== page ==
The Quick answer on levels!

Q1: While I’m editing, should I normalize each clip to -6 (or 0 or -12)?
Q2: What should be my target level on the first pass?
Q3: How about the final pass?

Before we can put a number on the target, there are a few things that need to be clarified. First, you’re probably looking at the wrong meter to answer that question. Second, the number you settle on depends on your delivery method. Broadcast is different from web, for example. Third, are you looking at peak level, or some version of average level – which will give you more of an indication of loudness?

For an in-depth look at all of this, check out part 1 of the full article on

For a quick answer, try this:
A1: I personally never normalize. (yes, I said “never” – and I meant it).  What do I do instead?  First step is to adjust the level of each clip non-destructively.  Each NLE has its own terms:  Avid uses Clip Gain, which translates to ProTools non-destructively via AAF.  Adobe Premiere has two methods at the clip level.  The non-destructive method is to adjust the gain in the sequence while viewing “clip keyframes”.PPCC Clip Keyframes  The other method is called “Audio Gain”, which is non-destructive inside of Premiere, but becomes permanent when exporting, which can be problematic.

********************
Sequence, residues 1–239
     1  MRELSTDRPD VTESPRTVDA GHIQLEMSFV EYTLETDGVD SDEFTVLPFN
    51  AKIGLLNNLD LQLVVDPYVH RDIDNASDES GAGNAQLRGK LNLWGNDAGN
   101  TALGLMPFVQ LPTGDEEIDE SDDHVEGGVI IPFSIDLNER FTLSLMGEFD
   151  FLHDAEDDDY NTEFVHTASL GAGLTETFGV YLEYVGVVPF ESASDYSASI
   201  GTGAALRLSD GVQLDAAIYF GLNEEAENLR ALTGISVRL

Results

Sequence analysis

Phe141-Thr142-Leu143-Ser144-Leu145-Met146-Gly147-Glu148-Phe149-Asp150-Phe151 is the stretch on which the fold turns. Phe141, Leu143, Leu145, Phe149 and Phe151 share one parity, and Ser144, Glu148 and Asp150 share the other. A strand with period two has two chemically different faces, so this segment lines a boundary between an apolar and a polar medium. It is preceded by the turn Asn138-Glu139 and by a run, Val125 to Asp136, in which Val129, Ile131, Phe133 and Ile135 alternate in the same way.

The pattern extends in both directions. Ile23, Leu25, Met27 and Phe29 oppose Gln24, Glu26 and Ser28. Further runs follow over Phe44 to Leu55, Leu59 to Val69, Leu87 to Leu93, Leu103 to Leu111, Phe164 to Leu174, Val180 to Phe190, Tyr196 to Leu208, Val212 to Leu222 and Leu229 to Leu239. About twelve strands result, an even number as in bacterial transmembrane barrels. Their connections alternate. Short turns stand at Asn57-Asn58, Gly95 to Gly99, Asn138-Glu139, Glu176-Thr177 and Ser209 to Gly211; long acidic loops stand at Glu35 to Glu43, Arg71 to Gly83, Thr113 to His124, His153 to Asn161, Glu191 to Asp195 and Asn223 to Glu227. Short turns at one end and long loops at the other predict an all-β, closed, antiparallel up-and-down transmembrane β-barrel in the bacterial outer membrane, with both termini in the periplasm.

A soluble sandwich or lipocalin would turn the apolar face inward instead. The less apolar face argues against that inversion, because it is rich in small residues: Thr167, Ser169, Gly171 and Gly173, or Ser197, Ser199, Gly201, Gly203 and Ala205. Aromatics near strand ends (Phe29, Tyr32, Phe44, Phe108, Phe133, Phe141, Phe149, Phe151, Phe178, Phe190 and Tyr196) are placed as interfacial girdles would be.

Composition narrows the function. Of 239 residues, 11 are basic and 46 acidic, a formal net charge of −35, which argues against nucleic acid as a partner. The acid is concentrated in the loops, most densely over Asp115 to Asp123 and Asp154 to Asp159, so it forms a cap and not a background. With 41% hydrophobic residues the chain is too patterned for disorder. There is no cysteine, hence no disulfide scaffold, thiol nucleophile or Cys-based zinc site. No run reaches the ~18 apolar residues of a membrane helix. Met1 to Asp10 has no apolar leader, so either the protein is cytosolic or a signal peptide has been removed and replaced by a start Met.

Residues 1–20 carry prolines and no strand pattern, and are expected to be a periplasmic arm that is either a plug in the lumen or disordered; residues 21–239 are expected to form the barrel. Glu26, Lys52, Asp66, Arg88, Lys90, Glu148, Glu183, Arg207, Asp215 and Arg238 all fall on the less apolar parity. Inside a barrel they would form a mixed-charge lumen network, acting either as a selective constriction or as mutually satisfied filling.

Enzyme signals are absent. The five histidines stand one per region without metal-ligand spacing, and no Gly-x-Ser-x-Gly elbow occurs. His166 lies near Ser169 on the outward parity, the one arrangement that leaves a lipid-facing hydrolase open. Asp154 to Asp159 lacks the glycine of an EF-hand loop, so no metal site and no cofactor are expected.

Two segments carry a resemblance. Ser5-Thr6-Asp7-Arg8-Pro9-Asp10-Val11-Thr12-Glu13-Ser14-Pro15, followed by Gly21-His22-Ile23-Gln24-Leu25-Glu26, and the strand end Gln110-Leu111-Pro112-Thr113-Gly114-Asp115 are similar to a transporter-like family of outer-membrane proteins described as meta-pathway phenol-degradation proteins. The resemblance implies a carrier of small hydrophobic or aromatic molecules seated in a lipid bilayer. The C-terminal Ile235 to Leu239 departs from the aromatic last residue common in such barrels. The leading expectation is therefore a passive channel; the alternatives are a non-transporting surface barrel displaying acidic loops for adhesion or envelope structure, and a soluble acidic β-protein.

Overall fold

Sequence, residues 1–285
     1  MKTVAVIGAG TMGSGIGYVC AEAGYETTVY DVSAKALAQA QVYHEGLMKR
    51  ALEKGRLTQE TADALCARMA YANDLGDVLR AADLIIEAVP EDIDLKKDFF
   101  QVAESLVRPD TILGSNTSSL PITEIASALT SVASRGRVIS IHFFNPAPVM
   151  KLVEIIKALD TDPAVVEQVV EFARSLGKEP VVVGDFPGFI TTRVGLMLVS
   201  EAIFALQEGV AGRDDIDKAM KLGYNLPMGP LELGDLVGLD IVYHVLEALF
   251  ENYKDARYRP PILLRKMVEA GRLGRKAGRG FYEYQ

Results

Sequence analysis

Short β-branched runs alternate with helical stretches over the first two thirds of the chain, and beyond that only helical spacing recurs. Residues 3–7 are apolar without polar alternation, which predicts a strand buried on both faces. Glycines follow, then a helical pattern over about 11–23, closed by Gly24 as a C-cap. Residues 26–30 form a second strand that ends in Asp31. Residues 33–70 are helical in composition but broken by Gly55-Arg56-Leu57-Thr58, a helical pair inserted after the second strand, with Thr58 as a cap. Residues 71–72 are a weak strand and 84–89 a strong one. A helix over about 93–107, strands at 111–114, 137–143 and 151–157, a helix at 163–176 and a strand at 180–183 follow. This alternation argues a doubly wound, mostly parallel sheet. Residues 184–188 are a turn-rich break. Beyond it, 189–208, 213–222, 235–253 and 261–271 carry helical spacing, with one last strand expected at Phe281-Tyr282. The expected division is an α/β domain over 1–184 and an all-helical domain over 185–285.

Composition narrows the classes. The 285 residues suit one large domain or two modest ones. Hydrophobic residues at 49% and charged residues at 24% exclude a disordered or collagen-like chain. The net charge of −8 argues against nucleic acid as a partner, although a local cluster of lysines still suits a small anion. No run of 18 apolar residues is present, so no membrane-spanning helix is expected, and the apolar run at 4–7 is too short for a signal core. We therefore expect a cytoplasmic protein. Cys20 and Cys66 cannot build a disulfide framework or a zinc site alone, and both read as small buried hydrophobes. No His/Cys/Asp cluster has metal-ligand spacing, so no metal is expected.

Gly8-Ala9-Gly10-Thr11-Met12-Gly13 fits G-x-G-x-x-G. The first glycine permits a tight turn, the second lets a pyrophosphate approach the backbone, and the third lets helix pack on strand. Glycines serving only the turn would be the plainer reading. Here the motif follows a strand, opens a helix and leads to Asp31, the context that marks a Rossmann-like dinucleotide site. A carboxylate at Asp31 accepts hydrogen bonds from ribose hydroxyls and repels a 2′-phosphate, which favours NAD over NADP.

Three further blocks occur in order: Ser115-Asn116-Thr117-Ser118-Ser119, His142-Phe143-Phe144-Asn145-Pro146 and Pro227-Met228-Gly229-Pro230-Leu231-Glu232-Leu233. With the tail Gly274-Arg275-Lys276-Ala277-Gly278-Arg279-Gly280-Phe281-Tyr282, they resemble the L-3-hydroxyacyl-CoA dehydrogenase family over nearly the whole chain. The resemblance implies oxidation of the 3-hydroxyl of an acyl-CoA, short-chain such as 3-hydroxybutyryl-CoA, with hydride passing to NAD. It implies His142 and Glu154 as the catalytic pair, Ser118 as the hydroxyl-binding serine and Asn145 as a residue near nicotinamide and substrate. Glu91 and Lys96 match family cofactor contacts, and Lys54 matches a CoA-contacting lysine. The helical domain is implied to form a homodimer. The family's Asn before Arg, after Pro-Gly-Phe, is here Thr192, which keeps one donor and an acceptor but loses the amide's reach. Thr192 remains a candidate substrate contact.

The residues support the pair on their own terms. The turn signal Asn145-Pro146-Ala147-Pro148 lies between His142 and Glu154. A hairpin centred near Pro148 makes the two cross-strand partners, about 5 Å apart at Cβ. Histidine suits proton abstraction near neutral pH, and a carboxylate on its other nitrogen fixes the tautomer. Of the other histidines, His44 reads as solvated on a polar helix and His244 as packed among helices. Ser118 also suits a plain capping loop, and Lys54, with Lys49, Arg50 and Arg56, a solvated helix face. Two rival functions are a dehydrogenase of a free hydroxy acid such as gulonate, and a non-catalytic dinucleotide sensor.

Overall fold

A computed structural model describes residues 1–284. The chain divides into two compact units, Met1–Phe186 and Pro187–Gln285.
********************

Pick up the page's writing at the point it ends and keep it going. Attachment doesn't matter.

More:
A2:  Your target level on the first pass can be a little lower than your deliverable level, to allow for gain in the output stage, or it can be the same.  It’s a personal mixing choice.  While editing, it is important to maintain a consistent average level, which can be adjusted globally later in the process.

A3:  If you have a loudness specification, use that as your guide.  If you don’t, then you just have to know what kind of meter you have and mix accordingly.  I have included some general suggestions below:

U.S. Broadcast:  -24LKFS / -2dBTP (True Peak) or approximately -24dB RMS with peaks around -6dBFS (to be safe)
Web video:  -18LKFS or -18dB RMS
Podcast audio:  -16LKFS

The bottom line:  Mix using average levels, because what we care about is how loud something sounds, not where the digital peaks are.  Control your peaks using a limiter, and hopefully other dynamics processors along the way.  Stay tuned for more on Audio Levels & Metering!

Update:  Part 2 of the article is up!  It contains a review of metering and FOUR videos for your viewing pleasure!